They put their bags away and then assembled into a circle. William sat through this class largely mystified and confused. For hours they would rotate between listening to this lady and creating designs with wax sticks, which they called penmanship. Then they would plant some seeds in a foam cup with soil, play with colorful blocks, and parrot back some words to the teacher. They ate food from their brown papers bags, had a nap on foam mats, ran around outside before they returned to parrot more of the large lady.

Then they were released from the school and William and his sisters and a serry of children walked home, peeling off into their homes on one by one until they said goodbye to the last children and walked up to their house. Mother was waiting on the porch husking corn.

Grab a seat and help your momma with the corn.

William and his sisters husked corn and soon ran to play in the back yard.

William’s sisters, Jennifer and Nicole, would run through the woods with William, searching for the forests creatures. William would stop and speak to the animals and send them a message to bring back to his kingdom. None of the creatures could tell William how to return, but they all knew he was king, and respected him for his kindness, despite his boyish appearance.

William was an odd child, and the other boys didn’t seem to take to his weird ways, frolicking in the woods, finding wood creatures, and playing in the rivers. This is where William felt most at home. The other boys preferred these games on a magic box with buttons. Video games. Sparkling images would entrance the boys for hours, but William would grow tired and restless.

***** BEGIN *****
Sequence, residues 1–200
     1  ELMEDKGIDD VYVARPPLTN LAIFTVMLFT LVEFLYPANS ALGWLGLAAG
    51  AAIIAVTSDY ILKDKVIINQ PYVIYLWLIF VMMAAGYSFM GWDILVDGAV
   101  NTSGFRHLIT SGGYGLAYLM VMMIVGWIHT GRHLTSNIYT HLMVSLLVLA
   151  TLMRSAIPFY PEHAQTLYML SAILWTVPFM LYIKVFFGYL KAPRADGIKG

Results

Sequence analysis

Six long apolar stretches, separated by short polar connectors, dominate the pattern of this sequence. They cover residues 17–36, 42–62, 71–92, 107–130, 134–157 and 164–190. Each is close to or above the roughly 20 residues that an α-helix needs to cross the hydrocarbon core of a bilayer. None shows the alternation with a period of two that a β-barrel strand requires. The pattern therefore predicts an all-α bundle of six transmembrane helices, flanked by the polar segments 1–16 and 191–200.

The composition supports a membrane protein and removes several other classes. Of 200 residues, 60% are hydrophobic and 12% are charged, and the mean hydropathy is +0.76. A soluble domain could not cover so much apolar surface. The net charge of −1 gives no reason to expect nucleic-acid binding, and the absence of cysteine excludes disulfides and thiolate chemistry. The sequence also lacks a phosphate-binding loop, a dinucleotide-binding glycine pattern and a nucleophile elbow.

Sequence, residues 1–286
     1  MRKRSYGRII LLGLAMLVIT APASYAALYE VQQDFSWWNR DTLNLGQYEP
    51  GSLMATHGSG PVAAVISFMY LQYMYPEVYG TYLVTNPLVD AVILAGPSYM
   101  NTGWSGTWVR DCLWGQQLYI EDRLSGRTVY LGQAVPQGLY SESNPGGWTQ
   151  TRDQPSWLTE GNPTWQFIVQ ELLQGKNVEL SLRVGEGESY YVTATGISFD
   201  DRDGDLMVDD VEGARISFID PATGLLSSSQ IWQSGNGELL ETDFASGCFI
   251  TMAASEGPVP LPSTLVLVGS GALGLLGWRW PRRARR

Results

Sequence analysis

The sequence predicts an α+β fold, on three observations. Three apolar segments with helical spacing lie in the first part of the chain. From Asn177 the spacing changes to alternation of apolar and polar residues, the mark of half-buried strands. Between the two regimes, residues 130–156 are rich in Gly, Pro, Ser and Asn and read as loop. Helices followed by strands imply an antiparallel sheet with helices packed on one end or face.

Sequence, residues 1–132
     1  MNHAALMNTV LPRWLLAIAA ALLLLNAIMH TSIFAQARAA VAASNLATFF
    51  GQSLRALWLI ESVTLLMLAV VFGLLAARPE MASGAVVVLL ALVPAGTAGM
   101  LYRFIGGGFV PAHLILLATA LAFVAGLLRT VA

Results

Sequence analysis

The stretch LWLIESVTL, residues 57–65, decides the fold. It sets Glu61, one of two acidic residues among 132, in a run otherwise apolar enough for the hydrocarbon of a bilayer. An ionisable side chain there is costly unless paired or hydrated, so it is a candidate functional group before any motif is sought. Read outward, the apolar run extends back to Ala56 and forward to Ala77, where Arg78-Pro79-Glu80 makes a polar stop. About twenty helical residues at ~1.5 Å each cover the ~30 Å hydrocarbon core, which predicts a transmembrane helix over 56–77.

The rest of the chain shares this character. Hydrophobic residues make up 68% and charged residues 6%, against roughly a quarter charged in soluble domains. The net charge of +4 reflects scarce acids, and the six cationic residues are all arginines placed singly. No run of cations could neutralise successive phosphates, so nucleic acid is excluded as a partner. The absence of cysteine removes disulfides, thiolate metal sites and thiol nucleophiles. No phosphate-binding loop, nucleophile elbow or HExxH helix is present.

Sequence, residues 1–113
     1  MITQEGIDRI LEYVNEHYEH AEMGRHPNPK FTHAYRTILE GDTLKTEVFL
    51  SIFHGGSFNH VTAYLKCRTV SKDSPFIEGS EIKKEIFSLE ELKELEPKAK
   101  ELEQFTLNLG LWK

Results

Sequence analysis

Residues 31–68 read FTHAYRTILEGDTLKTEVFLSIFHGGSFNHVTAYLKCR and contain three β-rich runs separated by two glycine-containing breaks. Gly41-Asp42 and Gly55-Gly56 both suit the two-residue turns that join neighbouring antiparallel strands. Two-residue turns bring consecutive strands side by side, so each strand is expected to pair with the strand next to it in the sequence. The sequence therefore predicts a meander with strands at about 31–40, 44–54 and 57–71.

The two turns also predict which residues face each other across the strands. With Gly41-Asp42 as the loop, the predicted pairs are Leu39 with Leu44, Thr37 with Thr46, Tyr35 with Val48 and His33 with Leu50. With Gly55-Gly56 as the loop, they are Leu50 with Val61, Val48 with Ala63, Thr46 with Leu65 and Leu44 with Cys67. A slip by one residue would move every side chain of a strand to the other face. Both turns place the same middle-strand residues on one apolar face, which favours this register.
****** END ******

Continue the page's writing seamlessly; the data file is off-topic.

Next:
In his classrooms William would be more fascinated by the Ant crawling across the classroom carpet, or examining the rainbows produced by prisms of glassware, or examining the surface of a buckeye he cracked from its shell. His teachers would grow more and more impatient with his inattention.

They soon consulted with his parents and took him to an elder called the Doctor. The doctor thought that William was sick, and had his parents give him a white pill twice a day. This would heal William of his preoccupations with nature and bugs and animals, and help him sit for hours while the teacher parroted.

The pill indeed worked. William was entranced every day after taking the pill. His wonder and enthusiasm soon waned, and he found himself greeted with smiles and good remarks from all the adults, but inside William felt like he was dying. He moved less and less, and could sit for hours for no reason, his mind attending to what was in front of him, or dreaming of his old kingdom.

Each night he would call out to the animals beyond his window sill, the moths and bats and owls and fireflies, and tell them his story, asking them to find a way to pass along his message to his parents in his kingdom. Each night he longed for this dream to end, and each morning he woke to the humans ordering him around, get dressed, do your penmanship, practice your words, clean your room, eat your vegetables. (Lions don’t eat vegetables.)